I’ve been dreaming of circling Laguna de Bai for some time. Approaching it from the south then on to Morong, then back home (Muntinglupa). I’ve been trying but to no avail. The farthest, in one of these numerous attempts, is Pakil. Feels like I’m sort of doing this travel project in installments.
Pakil’s church seem to jump out of a national bookstore postcard. This elegant looking, well preserved architectural baroque is the pride of the town! The church is said to be one of the most beautiful in existence, not only in Laguna but in the whole country. It seem to glow like a desirable reddish jewel at certain times of the day. A visit would explain why – its one of those structure that reveals itself thoroughly when visited.
Locals tell of legends how the church had escaped relentless bombing (by both the Americans and the Japs) during the pacific wars. Like when it was supposed to be destroyed by Yankee war planes. Locals claim that because of their passionate prayers to the Virgin Mother, the heavens interceded and shrouded the entire sky with fat bulky clouds, hiding the church from the heavy bombers.
The church of San Pedro de Alcatara, first came into existence in 1676, had been reconstructed several times following successive destruction brought by nature. The town is popular for its Turumba Festival, held seven times for two months, it observes the seven sorrows of the Virgin Mary (Nstra. Sra de los Dolores).
The milagrosang imahen ng Birheng Dolorosa of Pakil has an interesting origin. Legend has it that a missionary crossing the lake lost it when strong winds had suddenly rocked his casco. Lost in the vast lake, the man gave up finding his beloved santo, but the image was miraculously recovered, in all places, a fisherman’s net! And so goes the story of how this imahe came to the shores of this wonderful town. The Turumba, they say, came from the way the missionary priest described the local people’s wild chanting and dancing. The fisherman left the image on top of a stone but when the people decided to transfer it inside the church it all of a sudden became so heavy that it was impossible to move. When they finally succeeded in transferring the image the people broke out in ecstatic praise and celebration. This is said to be the origin of what many of us know today as Turumba.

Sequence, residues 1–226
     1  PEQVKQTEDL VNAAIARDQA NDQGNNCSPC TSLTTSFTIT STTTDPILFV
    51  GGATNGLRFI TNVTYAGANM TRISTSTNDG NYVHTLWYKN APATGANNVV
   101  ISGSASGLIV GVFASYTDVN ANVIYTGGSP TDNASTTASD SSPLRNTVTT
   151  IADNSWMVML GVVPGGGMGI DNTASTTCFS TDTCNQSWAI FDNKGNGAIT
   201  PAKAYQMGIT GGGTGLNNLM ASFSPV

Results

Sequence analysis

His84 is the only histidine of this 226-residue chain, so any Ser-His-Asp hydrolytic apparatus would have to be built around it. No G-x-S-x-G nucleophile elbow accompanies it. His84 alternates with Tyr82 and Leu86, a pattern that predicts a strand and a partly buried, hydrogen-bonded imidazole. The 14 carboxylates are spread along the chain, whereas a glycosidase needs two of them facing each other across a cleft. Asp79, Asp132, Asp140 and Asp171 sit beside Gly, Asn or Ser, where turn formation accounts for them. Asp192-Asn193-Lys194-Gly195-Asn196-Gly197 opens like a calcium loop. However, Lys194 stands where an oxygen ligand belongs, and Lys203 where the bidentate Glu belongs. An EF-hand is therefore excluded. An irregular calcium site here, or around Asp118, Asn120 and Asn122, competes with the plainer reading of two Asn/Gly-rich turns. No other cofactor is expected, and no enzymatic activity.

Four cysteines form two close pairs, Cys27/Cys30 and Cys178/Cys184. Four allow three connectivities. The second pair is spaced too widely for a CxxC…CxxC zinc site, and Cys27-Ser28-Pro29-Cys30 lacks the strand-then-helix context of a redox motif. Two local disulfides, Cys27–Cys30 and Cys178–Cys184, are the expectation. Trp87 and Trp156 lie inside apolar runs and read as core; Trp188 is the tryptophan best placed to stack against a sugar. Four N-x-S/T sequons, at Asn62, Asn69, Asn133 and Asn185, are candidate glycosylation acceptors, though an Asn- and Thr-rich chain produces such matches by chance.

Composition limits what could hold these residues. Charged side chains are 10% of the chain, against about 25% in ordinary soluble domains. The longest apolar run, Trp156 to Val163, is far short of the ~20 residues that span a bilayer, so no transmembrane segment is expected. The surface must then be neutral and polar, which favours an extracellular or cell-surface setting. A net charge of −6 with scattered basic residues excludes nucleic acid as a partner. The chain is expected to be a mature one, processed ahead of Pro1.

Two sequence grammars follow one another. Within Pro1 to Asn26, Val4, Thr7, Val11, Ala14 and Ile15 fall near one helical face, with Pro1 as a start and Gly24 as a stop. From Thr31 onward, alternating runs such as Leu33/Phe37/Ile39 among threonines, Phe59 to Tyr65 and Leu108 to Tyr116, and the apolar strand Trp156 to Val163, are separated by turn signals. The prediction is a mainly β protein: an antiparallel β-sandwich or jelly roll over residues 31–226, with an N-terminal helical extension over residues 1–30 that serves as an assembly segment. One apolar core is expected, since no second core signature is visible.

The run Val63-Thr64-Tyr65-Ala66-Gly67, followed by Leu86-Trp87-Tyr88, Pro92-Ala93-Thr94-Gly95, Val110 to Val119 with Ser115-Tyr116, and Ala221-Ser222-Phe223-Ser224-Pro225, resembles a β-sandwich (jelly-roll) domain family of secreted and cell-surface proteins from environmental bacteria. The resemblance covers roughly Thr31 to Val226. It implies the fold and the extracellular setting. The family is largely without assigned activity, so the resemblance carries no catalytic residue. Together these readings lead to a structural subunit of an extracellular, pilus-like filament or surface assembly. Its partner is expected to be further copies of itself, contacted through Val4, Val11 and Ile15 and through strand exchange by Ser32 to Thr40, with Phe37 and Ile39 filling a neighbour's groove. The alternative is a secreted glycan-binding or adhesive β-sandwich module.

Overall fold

The tradition of singing and dancing, on this occasion brings out the religious nature of the locals. Historical description of how this “strange spectactle” drove its devotees to “throw themselves to the ground grasping for air and rest motionless for hours”, is well recorded. Up to this day Turumba continue to fascinate and mystify – It still attracts believers and on lookers (and crowds of wannabe photographers), which continue to swell in abundance according to locals, from far away places.
Old Paquil, the name and the settlement, is attributed to its last Yndio chief’s name. The previous Tagalo leaders, Gat Salyan (Gatchalian) and Gat Maitan (Gatmaitan) brought their clan to the present day Pakil to flee from the regular banditry which has cost them much adversity.
Pakil have great traditions inspired by the wonderful combination of native’s old beliefs and the Spanish missionaries’ “new religion”. Though its notable celebration speaks of its strong Catholic religious values, buried behind the frenzied dance of Turumba is the indigenous nature.
The town also has a strange geography. Its land is split into two. Separated by the mighty Laguna de Ba’i. During the Spanish times the town was known to “possessed of a crystal spring pool”. I wonder where it is now. Such stories are lost without the recovery of the artifact.
The Spanish founders of the town, who devoted their church to a Saint from their homeland, San Pedro de Alcala, were Franciscans. One of its early planners was San Pedro Bautista, another Spaniard, who had established several strategic communities in Laguna along with the headquarters of the Franciscan mission north of Manila (now in San Francisco del Monte, Quezon City). Bautista is one of our forgotten cultural hero whose contributions lie buried in the annals of Philippine historiography.
Another interesting story I read about the town is that there was once an “arnis” like art that flourished in its communities. If true, this native self defense technique must have been lost in the 1900’s or even earlier. The only reference to this martial art that I found was written by a Presbyterian missionary in 1940.
Jean Mallat, a French roaming the countryside, noted that this part of Laguna once had “prettiest native women…they rival those of Pampanga”. The Frenchman quite had keen eyes for the ladies. Was he prospecting for business or shopping for a wife? I love reading accounts from foreigners who had lived in the country in the past. They present a more direct depiction of the old country’s scene and character.
Its interesting to note that there were several Europeans [my favorite is Jala-Jala’s Paul dela Geroniere] who toured the countryside and wrote about their life here. If it were not for there written accounts, we would have fewer reference today. Reading them is like observing history from their perspective, they tend to be more candid about their views and feelings. Their works are still some of the finest reference about our old ways and landscape accessible to us today.